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Every situation in life is temporary, so, when life is good, make sure you enjoy it, to the fullest.And when life is not so good, remember that it will not last forever, better days are on it s way!!!! " Little faith welcomes negativity & hinders the ability to recognize & receive "what God has 4 u! Whilst on vacation I got a call last week saying, "I've heard about U & I want U 2 work 4 me & then I want U 2 have my job! They called today & said "I don't need references, I'm coming 2 you." I said, "Did you google me?Sizzling property prices, a groaning debt load, wealthy tourists and tycoons willing to slap down eye-popping sums for art: China is starting to look like Japan before its economic bubble burst in the early 90s.The similarities are not lost on Beijing: President Xi Jinping has commissioned a study to help China avoid Japan's pitfalls, according to Bloomberg, as growth slows and ratings agencies sound the alarm over its debt.But Chinese "authorities are more able to regulate bank loans and the financing of speculative transactions, and they can intervene in markets", said Ivan Tselichtchev, an economics professor Japan's Niigata University.Others point out that China is not the advanced economy that Japan was at the time its bubble burst, meaning there is much more room for the economy to grow and increase productivity.Japan's debt load is now more than 200 percent of its Gross Domestic Product.China's debt is around 260 percent of GDP, up from around 140 percent before the 2008 financial crisis.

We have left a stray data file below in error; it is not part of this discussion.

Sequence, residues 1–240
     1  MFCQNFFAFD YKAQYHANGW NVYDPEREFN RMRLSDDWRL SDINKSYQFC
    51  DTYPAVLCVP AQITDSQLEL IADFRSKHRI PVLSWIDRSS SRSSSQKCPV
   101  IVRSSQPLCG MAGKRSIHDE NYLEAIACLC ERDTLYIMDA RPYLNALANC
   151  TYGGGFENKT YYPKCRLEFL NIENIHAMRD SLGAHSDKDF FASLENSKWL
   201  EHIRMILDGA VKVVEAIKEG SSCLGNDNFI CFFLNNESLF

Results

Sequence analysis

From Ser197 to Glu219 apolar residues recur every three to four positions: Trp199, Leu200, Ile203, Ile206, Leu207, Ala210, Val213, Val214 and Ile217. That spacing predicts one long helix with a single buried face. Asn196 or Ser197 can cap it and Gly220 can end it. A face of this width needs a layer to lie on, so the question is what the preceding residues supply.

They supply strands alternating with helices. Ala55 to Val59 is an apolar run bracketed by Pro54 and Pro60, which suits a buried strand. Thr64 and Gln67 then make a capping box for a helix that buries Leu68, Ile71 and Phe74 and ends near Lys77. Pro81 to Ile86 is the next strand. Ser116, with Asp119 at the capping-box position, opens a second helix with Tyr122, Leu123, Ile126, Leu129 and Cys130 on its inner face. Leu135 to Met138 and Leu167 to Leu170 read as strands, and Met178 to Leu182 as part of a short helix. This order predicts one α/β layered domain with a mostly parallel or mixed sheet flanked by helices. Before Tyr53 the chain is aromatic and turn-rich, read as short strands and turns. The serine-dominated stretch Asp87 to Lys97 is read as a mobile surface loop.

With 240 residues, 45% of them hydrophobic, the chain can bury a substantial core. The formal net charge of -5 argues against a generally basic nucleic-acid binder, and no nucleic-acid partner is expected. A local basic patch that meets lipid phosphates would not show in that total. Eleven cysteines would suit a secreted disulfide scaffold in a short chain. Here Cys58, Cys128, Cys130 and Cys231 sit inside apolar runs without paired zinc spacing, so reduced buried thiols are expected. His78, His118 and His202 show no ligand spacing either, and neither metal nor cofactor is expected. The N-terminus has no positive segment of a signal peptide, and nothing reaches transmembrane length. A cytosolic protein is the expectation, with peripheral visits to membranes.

"What's scary is that people in China are thinking, 'China is special, so we are OK.' That's exactly how people felt in Japan during the bubble era," said Kokichiro Mio, senior economist at NLI Research Institute.Fears over China's groaning debt load were heightened after the IMF warned Tuesday the world's second largest economy was on a "dangerous" path, urging Beijing to take a more sustainable course and speed up structural reforms.China was also downgraded this summer by Moody's with the credit rating agency citing the country's ballooning debt, sparking an angry response from Beijing.Eighties-era Japan kept interest rates low, creating excessive liquidity in its economy.Frenzied buying saw land prices quadruple in the mid-to-late eighties, and the Nikkei stock index hit almost 40,000 in 1989 -- double its current level.

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